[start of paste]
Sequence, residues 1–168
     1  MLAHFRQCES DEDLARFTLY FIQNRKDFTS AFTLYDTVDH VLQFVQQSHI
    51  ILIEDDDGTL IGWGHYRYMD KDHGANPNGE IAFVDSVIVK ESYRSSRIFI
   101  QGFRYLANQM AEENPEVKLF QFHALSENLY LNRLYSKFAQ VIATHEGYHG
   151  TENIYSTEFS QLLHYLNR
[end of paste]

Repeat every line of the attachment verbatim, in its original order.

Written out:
Sequence, residues 1–168
     1  MLAHFRQCES DEDLARFTLY FIQNRKDFTS AFTLYDTVDH VLQFVQQSHI
    51  ILIEDDDGTL IGWGHYRYMD KDHGANPNGE IAFVDSVIVK ESYRSSRIFI
   101  QGFRYLANQM AEENPEVKLF QFHALSENLY LNRLYSKFAQ VIATHEGYHG
   151  TENIYSTEFS QLLHYLNR